The Future Challenges is a ground-breaking West of England AHSN programme, which focuses on facilitating opportunities between innovators and healthcare providers to match our local clinical and service needs with innovative solutions.

During 2019/20, the programme worked with partners to conduct trials and generate evidence to support the introduction of promising new products to address identified challenges in community care, hospitals and schools. The evidence from the evaluations will then be used to support future commissioning decisions.

Working with our members and key stakeholders, including clinicians, commissioners and healthcare managers, the programme followed an open innovation methodology – identifying our local clinical priorities that may benefit from innovative solutions. Two themes were identified: keeping healthy at home, and young people and mental health resilience.

Two national calls for innovators were issued. Expert panels selected three of the most promising solutions, which were paired with local health and care and education providers. Specialist independent evaluators will validate the impact and potential scalability of these innovations.

The selected innovations address needs around:

  • Helping people manage their own condition through individualised programmes of physical activity, supporting people to get up and about again
  • Building and promoting mental health resilience in young people in school settings.

In response to COVID-19, from March 2020 appropriate adjustments have been made in the clinical and education settings to continue delivering the Future Challenges trials.

Learning Disabilities Collaborative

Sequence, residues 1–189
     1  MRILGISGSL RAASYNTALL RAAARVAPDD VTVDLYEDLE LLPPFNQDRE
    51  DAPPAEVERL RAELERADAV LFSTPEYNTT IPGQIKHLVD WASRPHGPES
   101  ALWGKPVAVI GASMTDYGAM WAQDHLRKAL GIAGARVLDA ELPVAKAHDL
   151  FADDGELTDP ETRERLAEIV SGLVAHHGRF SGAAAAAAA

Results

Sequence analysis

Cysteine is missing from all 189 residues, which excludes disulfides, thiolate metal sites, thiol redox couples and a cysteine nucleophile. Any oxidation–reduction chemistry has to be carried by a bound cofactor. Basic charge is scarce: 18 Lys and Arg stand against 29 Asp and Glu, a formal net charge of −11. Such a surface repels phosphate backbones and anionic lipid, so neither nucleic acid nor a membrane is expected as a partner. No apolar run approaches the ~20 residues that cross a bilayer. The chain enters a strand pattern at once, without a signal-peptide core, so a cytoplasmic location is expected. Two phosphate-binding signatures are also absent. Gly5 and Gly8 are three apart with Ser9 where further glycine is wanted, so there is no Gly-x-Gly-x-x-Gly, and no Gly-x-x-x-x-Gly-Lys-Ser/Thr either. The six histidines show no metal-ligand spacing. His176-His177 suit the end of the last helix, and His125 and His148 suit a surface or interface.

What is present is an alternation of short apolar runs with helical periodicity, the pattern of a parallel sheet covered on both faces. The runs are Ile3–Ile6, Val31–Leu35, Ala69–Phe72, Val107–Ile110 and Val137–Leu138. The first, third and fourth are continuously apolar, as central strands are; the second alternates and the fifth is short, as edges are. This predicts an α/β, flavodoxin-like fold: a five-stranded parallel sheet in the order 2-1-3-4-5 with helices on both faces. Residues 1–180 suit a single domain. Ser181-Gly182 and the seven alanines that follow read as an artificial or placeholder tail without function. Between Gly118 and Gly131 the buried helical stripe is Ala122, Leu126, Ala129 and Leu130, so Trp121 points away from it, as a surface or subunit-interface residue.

People with a learning disability die on average 22-27 years earlier than the general population and many of these deaths are from avoidable causes, such as pneumonia and sepsis. These are the findings of the national Learning Disabilities Mortality Review programme, based in Bristol.

In early 2019, we set up the Learning Disabilities Collaborative to address this health inequality, working with NHS England and NHS Improvement. The Collaborative is made up of clinicians, paid and unpaid carers, people with a learning disability, and people who work at regional and national levels in healthcare systems.

The Collaborative focuses on three areas:

  • Promoting use of the National Early Warning Score 2 tool (NEWS2) and soft-signs tools to support early identification of physical deterioration.
  • Increasing uptake of annual health checks, and standardising the quality of these.
  • Increasing uptake of flu vaccinations, including promoting the nasal vaccine as a reasonable adjustment for people with a severe needle phobia.

We used focus groups to engage with paid and unpaid carers and GPs in order to understand the obstacles to people accessing these tools and receiving these services. The resulting ideas and improvements were shared at two Collaborative events in April and October 2019.

Today the Learning Disability Collaborative has over 200 members, with representatives from 90 organisations across the region.

The Collaborative paused activity at the start of the COVID-19 pandemic, but recently hosted two well-attended webinars for people to share innovative approaches to care during lockdown.

“The Collaborative is a joy to work with. Membership spans much of the local health and social care system and includes many experts-by-experience. It offers a unique collaborative space that is open to anyone with an interest in reducing health inequalities for people with a learning disability.”

Hannah Little, Learning Disability Collaborative